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    Teachers Who Bully

    The problem of teachers bullying students is more common than you think. Learn how to prevent your child from becoming a victim.

    A Parent's Dilemma continued...

    Like many parents who have had mostly positive relationships with teachers, Jan believed her son was overreacting. "We got into arguments at dinner. I told him, 'Just stop it.' It affected his mood and it affected our relationship."

    Before long, Jan herself saw signs of the teacher's outbursts. One day, he phoned her during a choir rehearsal. "He said, 'Your son is ruining this,'" Jan recalls. "I'm ready to kill my son. I'm driving there, and I'm ready to tell him he's grounded. When I got there, the teacher said, 'Oh, it's fine.'

    "He was already over it."

    The clincher came when Jan visited another family with a daughter in the choir. Jan was shocked when the girl said, "Oh, yeah, he totally picks on your son."

    Why didn't Jan approach the teacher or principal? "I didn't expect anything to come out of it. Everyone turned their heads because this teacher was so talented."

    Besides, the teacher was the gatekeeper for coveted choir trips. Jan worried, too, that he would bad-mouth her son to other teachers. "The teacher lunchroom, that's where people talk about kids. So for the next four years, you've poisoned them."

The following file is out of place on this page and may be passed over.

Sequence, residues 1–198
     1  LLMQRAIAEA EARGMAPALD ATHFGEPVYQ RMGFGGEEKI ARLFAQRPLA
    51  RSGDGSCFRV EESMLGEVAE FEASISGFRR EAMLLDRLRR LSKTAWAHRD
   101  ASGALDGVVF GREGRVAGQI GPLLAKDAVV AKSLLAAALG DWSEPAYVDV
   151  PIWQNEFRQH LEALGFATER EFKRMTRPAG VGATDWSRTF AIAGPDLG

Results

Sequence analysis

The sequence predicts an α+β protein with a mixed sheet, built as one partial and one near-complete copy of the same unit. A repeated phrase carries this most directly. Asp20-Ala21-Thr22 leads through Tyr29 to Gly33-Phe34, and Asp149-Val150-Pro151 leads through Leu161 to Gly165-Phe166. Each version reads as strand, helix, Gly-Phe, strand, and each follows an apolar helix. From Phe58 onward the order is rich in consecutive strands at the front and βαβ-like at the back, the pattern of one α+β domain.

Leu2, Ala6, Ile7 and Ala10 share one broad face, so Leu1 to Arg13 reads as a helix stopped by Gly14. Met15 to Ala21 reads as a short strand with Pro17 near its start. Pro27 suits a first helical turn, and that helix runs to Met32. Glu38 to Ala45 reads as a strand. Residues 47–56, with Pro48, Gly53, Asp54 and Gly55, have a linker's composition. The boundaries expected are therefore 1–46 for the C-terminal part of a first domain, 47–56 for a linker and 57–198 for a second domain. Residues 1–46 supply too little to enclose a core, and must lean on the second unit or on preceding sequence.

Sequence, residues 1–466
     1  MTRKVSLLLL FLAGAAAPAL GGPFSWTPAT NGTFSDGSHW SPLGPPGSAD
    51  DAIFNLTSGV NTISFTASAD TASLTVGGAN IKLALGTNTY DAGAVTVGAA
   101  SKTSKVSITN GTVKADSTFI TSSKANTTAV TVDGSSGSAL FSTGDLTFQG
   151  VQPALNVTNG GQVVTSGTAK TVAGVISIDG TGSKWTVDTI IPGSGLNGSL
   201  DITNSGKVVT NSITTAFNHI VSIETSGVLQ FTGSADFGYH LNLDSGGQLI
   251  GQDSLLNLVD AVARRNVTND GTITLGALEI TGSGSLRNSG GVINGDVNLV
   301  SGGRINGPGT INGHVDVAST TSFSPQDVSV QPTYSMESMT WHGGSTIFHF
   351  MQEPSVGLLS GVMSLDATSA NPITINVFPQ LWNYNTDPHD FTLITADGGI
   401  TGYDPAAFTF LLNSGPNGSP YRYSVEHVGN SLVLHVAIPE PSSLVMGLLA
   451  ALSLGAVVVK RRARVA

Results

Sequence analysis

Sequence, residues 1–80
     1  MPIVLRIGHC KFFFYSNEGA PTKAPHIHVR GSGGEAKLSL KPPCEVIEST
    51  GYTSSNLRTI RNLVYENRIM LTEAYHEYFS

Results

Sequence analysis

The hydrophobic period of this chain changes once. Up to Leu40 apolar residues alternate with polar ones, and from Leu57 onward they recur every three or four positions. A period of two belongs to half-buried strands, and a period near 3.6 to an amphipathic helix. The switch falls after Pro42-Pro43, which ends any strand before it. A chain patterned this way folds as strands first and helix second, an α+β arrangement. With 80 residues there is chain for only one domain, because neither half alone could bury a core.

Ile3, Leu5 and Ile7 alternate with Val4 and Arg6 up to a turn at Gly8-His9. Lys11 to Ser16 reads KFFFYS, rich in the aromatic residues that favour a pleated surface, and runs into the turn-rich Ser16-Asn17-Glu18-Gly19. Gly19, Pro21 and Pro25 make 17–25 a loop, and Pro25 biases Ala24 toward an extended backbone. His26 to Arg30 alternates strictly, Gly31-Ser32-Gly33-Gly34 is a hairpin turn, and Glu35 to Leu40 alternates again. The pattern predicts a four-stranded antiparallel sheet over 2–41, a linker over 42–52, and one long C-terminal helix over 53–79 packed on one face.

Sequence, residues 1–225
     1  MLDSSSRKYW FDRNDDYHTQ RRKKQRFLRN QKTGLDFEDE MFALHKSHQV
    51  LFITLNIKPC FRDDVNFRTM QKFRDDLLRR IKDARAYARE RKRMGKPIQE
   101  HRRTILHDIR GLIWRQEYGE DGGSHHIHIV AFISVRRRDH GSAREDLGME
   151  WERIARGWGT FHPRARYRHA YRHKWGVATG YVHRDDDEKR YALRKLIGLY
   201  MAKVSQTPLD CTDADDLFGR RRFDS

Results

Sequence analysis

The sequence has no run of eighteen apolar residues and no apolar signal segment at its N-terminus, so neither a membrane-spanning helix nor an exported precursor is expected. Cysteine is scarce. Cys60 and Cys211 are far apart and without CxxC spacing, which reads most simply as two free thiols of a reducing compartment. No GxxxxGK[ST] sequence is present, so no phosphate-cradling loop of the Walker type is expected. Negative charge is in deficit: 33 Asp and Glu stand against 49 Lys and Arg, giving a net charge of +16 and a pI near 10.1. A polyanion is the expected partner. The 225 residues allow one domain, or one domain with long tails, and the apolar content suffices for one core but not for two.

Jan concluded that the teacher was brilliant but volatile, and she's unsure why was her son was a "lightning rod," she says. Maybe it was a personality clash, she adds, because her younger daughter had no problems in his class.

    Why Do Teachers Bully?

    Teachers are human, and it's unfair to expect them never to utter a hurtful word.

    But teachers do bully for various reasons, experts tell WebMD. A student may remind them of someone they dislike. Or, in a surprising reversal of the "teacher's pet" syndrome, insecure teachers may bully bright students out of envy.

    Other teachers suffer from personal problems -- job burnout, marital woes, or severe behavior problems with their own children -- and they take out their frustrations in class.

    Furthermore, in some troubled schools, students bully teachers -- and teachers dish it back to avoid appearing weak. "Teachers are often physically scared of students," Twemlow says.

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